Microbial fuel cells, which use electrodes in dirt to power a small motor, have long been more or less a laboratory curiosity. Because they generate such a small amount of power, developing them to charge devices would not be practical in places where electricity is readily available. However, Lebônê Solutions, a startup based in Cambridge, MA, aims to use microbial fuel cells to provide power to Africans who are off the grid. In some parts of Africa, a small amount of energy is enough for a few hours of lamp light in the evening, or for powering the ubiquitous cell phones–something that some residents will walk five hours to a generator to do, says Aviva Presser, a cofounder of Lebônê. The company is made up largely of Harvard University alumni and current Harvard students originally from African countries.
With funding from the Harvard Institute for Global Health, the team has recently completed a pilot study in Tanzania, where members brought six basic microbial fuel cells and taught residents how to use them. The team organized village meetings where team member and Tanzanian native Stephen Lwendo explained how to make the fuel cells.
The team found residents receptive to the idea of easy-to-grow power and keen to use the fuel cells to charge cell phones, run radios, and provide more light. “In Africa, people want to power [small] DC devices,” as opposed to large AC devices like a refrigerator, says Lebônê cofounder Hugo Van Vuuren, a Harvard graduate and a South African native. The team hopes to develop the technology to make it competitive with other renewable energies in countries across Africa. Microbial fuel cells could have a distinct advantage because they are initially cheaper to build than a windmill and easier to set up than solar panels. What’s more, they could last up to 10 years, says Lebônê cofounder David Sengeh.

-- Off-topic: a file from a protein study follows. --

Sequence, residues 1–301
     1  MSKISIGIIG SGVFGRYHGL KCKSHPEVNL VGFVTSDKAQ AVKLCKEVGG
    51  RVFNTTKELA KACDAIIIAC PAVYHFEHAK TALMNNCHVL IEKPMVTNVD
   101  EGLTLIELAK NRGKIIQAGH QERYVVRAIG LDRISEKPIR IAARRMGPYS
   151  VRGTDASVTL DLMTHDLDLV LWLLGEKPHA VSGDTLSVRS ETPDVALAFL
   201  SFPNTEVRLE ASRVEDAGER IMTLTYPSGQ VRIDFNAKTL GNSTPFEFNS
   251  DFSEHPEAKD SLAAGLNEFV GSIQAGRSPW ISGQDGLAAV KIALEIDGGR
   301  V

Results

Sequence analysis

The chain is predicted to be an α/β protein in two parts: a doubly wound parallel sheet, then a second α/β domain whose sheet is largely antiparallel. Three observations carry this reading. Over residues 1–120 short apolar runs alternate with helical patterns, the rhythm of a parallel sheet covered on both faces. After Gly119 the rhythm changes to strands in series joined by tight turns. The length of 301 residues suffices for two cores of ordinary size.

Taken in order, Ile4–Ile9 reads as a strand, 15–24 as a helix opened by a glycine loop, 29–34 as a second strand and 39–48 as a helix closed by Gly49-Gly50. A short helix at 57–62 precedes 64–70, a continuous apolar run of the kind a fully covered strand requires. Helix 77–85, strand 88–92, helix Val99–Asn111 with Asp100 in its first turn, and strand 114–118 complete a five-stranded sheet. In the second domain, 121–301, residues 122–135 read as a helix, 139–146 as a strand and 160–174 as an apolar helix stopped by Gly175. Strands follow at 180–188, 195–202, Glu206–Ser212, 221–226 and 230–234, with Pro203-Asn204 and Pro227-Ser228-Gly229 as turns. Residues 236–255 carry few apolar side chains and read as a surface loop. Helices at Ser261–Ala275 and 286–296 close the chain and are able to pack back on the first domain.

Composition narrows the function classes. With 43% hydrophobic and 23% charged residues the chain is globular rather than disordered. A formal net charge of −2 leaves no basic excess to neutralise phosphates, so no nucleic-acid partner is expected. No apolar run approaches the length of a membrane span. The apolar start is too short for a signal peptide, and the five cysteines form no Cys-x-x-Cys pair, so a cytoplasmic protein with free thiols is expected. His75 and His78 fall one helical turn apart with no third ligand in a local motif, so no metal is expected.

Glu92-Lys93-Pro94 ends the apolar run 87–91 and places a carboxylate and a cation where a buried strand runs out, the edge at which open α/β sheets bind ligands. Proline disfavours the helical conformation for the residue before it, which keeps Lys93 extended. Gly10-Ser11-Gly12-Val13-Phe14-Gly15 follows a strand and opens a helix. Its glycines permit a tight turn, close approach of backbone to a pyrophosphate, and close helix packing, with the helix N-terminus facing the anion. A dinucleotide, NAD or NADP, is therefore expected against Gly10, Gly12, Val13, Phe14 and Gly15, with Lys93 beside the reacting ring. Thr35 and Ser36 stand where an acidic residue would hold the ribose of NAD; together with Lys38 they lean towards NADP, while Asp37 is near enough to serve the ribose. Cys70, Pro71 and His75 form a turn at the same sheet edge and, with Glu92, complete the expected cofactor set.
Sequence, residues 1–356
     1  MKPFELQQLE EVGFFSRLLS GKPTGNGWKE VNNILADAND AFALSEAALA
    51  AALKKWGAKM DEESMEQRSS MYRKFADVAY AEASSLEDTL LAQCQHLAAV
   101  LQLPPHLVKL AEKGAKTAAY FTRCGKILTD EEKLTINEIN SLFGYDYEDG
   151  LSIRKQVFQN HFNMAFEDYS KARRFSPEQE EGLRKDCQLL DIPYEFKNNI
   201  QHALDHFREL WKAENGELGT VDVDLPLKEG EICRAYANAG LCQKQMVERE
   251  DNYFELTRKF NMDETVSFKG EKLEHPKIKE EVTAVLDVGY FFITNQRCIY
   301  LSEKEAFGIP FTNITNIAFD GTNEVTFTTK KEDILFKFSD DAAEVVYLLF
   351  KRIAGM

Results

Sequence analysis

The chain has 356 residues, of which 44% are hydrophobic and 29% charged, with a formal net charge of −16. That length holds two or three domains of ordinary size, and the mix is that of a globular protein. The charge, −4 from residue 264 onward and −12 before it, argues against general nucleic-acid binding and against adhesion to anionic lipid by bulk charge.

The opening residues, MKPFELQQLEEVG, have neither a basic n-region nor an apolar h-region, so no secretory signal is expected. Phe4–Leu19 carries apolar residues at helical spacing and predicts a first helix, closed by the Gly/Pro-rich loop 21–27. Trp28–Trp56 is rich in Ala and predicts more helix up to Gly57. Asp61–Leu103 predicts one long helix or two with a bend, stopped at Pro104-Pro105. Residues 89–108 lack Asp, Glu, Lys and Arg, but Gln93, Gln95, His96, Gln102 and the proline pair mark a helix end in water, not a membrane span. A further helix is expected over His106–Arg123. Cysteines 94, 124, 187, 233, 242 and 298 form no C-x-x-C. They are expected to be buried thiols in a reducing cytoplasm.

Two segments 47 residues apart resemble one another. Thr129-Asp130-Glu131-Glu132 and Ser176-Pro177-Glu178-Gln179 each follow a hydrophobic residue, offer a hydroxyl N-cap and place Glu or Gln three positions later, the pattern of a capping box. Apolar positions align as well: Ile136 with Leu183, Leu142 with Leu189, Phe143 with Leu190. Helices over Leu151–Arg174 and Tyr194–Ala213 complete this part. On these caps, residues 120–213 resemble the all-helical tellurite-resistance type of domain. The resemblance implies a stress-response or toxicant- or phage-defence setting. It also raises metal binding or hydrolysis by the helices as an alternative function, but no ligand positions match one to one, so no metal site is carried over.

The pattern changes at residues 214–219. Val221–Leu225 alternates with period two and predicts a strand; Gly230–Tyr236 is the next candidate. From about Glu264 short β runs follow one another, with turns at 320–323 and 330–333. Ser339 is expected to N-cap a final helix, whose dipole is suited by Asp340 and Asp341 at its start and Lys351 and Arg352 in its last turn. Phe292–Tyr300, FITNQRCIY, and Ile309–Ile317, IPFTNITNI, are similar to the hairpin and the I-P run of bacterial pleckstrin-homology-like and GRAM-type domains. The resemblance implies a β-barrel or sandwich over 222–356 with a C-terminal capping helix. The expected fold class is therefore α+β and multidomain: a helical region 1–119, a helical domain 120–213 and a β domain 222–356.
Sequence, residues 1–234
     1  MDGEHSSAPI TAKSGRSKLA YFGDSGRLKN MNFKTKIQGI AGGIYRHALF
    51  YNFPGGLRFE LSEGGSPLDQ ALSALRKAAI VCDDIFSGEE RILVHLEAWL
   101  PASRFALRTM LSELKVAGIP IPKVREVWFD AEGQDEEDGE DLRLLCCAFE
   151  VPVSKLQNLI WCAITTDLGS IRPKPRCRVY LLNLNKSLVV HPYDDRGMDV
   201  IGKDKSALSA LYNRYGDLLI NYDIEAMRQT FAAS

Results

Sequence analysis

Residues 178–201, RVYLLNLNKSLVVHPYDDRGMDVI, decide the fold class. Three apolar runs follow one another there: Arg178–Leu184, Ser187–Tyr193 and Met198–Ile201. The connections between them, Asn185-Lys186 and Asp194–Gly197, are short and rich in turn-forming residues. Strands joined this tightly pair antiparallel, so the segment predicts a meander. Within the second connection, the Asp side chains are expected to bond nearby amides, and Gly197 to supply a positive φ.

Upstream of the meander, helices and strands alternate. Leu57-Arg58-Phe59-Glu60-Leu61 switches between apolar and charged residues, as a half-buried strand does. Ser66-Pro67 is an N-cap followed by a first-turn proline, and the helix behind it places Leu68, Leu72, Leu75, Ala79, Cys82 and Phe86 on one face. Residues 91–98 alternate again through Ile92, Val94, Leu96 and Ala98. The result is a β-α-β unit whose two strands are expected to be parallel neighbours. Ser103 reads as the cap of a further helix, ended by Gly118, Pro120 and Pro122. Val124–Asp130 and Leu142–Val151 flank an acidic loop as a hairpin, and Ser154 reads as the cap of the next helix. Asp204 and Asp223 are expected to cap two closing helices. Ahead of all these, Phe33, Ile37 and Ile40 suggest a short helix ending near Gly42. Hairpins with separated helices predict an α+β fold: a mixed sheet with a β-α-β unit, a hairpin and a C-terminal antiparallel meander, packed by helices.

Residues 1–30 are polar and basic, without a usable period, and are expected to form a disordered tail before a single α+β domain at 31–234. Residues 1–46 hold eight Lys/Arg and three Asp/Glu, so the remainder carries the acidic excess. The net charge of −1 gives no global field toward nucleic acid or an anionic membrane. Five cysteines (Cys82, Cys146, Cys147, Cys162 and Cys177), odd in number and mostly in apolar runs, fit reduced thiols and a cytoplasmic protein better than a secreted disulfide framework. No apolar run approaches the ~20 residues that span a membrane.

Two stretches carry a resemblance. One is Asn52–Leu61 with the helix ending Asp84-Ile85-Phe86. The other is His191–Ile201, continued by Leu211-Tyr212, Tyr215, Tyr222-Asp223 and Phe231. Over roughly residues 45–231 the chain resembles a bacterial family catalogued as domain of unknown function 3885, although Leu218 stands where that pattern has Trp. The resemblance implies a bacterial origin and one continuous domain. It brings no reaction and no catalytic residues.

Instead of using hydrogen as a fuel, as do conventional fuel cells, microbial fuel cells use naturally occurring microbes to generate power. Bacteria live in the anode, where they eat glucose, sewage, or other waste water, and turn that into electrons and protons. The bacteria transfer electrons to the circuit, which provides small amounts of power.
To make the fuel cell, the team put graphite cloth–the anode–in the bottom of a bucket along with chicken wire–the cathode–and microbe-laden waste, either mud, cow manure, or residue from coffee crops. A layer of sand acts as an ion barrier while salt water helps the protons travel more easily. The team adds a power management board (the only device that the villagers will most likely have to import, says Presser) to regulate the power and send it to a battery. Such a fuel cell can run a cheap, efficient light-emitting diode (LED) for four to five hours per evening. “We’re hoping the entire system will be around $10 when we’re ready,” says Presser.
“The beauty of it is it’s a self-sustaining system,” says Derek Lovley, a professor at the University of Massachusetts Amherst, who is not involved in the work and who published initial studies on microbial fuel cells in 2002. Using LED lights is “a nice, practical application for this, if they can get it to be simple and inexpensive,” says Lovley. “This is actually, as far as I know, the only current practical application of [microbial] fuel cells.” Right now, most microbial fuel-cell work is research based, although there have been attempts to use microbes in fuel cells to treat waste water.
How much power the microbial fuel cell can generate depends on the area of the graphite sheets. About one square meter of fuel cell yields one watt, which could recharge a cell phone, according to Van Vuuren. Five square meters can power a portable stereo, fan, or small light.
For the next test, due to launch in December in Namibia and funded by the World Bank, the team plans to couple a new fuel-cell design with conventional high-efficiency LED lights. For that trial, Lebônê will make 100 fuel cells and ultimately hopes to reach up to 3,000.